How do Plug.Conns get to the socket macro in Endpoint.ex?

plug
phoenix
Tags: #<Tag:0x00007fbcabd70450> #<Tag:0x00007fbcabd70298>

#1

I built a plug that sits on top of several Phoenix app Endpoints. This plug routes the connection to the appropriate Phoenix Endpoint by pattern matching on the conn’s host value, it then does an WhicheverApp.Endpoint.call(conn, opts) to forward the connection along to the right app.

The problem I’m having is that for a websocket connection, the conn is not being caught by the socket “/socket” WhicheveApp.UserSocket macro. Even though this line is part of the Endpoint module, I’m not sure if it actually part of the plug pipeline.

Is there a way this can be done? Does anyone know how the socket macro fits within the Endpoint?

Edit: I guess I could make my custom plug router a phoenix app to make use of however the Endpoint is currently used. I could remove all the duplicate plugs in this “Router” Endpoint so that they are not called twice, and have the socket macro up top catch websocket requests for all the apps at this level and then have some websocket router that then reroutes the websocket request to the appropriate app’s socket. I am still curious how the conn initially hits the Endpoint to begin with and how it is different than Endpoint.call


#2

It is processed at the ‘socket’ line in the endpoint as far as I recall. Any plugs for sockets need to be before the socket line I’d guess as the socket is the end point for sockets (a pass-through for everything else).


#3

Right, but it doesn’t seem like the socket line is actually a part of the plug pipeline in the Endpoint, because calling Endpoint.call on a conn will send that conn through the Endpoint pipeline. But when that is done for conn requesting the /socket path (or whatever you choose to call it), the socket macro is skipped and instead that request for a websocket is being forwarded to the router plug


#4

Hmm, entirely possible, let’s look.

First we see:

So it is just setting the sockets into a module attribute of :phoenix_sockets, which it registered at:

That appears to only be used at:

Which is only called from:

Which that function gathers up the sockets and combines it with the endpoint itself at:

Of which cowboy then listens for them distinctly.

I.E., the socket and endpoint plugs are entirely differently lines, in this case I’m unsure how to stuff a plug into the socket path, may need to wait for someone knowledgeable in this such as one of the devs like @josevalim or @chrismccord to appear. :slight_smile:


#5

Thanks for that great breakdown. It looks like you could add websocket rules to the Plug.Cowboy.Adapater.child_spec via the dispatch option and have any websocket requests get caught and routed from there.


#6

In case anyone is interested, here is how I got it to work (thanks to OvermindDL1’s helpful breakdown)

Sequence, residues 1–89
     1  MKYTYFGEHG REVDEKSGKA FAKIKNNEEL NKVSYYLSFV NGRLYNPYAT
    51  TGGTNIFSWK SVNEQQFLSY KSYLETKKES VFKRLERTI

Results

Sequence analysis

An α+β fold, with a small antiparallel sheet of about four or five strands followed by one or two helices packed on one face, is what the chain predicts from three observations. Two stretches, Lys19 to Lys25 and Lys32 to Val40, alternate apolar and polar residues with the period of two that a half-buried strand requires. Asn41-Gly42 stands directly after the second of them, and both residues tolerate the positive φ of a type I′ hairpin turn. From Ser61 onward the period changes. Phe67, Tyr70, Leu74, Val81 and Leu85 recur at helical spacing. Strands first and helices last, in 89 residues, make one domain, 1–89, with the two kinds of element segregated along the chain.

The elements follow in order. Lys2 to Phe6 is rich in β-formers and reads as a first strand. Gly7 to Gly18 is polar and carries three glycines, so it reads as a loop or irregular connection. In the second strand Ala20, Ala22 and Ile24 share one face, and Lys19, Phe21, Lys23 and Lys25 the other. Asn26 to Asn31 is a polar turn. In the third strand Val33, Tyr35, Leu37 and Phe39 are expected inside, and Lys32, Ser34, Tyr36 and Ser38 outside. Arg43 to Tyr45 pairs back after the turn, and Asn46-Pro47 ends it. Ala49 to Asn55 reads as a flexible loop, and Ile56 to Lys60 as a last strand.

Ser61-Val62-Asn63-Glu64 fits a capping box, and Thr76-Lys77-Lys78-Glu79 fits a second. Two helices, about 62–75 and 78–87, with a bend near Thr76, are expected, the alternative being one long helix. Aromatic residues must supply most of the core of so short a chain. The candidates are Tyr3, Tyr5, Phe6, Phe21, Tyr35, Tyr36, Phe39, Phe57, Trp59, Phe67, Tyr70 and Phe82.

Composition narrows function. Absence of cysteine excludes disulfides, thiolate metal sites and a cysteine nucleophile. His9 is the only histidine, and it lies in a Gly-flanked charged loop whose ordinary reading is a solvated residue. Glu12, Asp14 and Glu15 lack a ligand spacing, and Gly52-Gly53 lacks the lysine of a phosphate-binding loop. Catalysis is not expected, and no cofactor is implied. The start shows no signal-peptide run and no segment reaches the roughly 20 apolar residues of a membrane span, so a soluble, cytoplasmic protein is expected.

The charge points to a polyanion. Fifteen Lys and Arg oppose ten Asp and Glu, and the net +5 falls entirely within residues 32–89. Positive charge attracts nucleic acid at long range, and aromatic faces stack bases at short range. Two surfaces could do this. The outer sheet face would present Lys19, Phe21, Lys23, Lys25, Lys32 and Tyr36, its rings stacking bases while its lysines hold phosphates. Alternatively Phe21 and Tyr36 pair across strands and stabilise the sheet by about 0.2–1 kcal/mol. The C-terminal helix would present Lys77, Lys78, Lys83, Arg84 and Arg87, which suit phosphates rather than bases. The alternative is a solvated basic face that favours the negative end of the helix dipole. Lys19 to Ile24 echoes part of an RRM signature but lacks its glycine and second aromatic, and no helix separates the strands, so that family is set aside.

defmodule CustomRouter do
  use Application

  def start(_type, _args) do
    import Supervisor.Spec, warn: false

    myapp_websocket = {Phoenix.Transports.WebSocket, {MyApp.Endpoint, MyApp.UserSocket, :websocket}}
    cowboy_options = [
      port: 4001,
      dispatch: [
        {:_, [
          {"/socket/websocket", Phoenix.Endpoint.CowboyWebSocket, myapp_websocket},
          {:_, Plug.Adapters.Cowboy.Handler, {CustomRouter.Endpoint, []}}
        ]}
      ]
    ]

    children = [
      Plug.Adapters.Cowboy.child_spec(:http, CustomRouter.Endpoint, [], cowboy_options)
    ]

    opts = [strategy: :one_for_one, name: CustomRouter.Supervisor]
    Supervisor.start_link(children, opts)
  end
end

I leaned heavily on the examples found in the Phoenix.EndpointCowboyHandler docs to make this work. This was very interesting to do at such a relatively low level. I think in the future I will rewrite this to use more of Phoenix’s abstraction. Instead of having a CustomRouter.Endpoint, which in this case is just a module plug that pattern matches on a host and then calls the appropriate Phoenix App’s Endpoint, I will make an outer Phoenix App that has nothing but an Endpoint which does the same thing as my custom plug router (just one plug that pattern matches), but also uses the socket macros to more cleanly route websocket requests to the appropriate Socket module, which per OvermindDL1’s breakdown, has shown me it will basically compile to the same exact thing I’ve done here.

Edit: actually, it looks like you can pass the host as an option to the scope in the Phoenix router!


#7

That is awesome!

Any thoughts of documenting up the process and submitting a PR to the Phoenix project itself? Maybe even make the process more simple via some new Phoenix functions to handle it so as to not need to go as low-level? :slight_smile:


#8

What I understand from the above snippet is that we route any websocket request, no matter the host to the same socket.
What if there are different sockets on each Phoenix app? How do we route “/socket/websocket” to MyApp1.Endpoint or to MyApp2.Endpoint based on the host?


#9

Ultimately, I just opted to use different paths for routing to my individual sockets but looking at the cowboy docs, it looks like you can match on the host in the first element of the tuple inside the dispatch list. In the example above, :_ is used and acts as a catch-all for all hosts:

dispatch: [
    {:_, [
      {"/socket/websocket", Phoenix.Endpoint.CowboyWebSocket, myapp_websocket},
      {:_, Plug.Adapters.Cowboy.Handler, {CustomRouter.Endpoint, []}}
    ]}
  ]

https://ninenines.eu/docs/en/cowboy/1.0/guide/routing/ (Particulalry the section titled Compilation)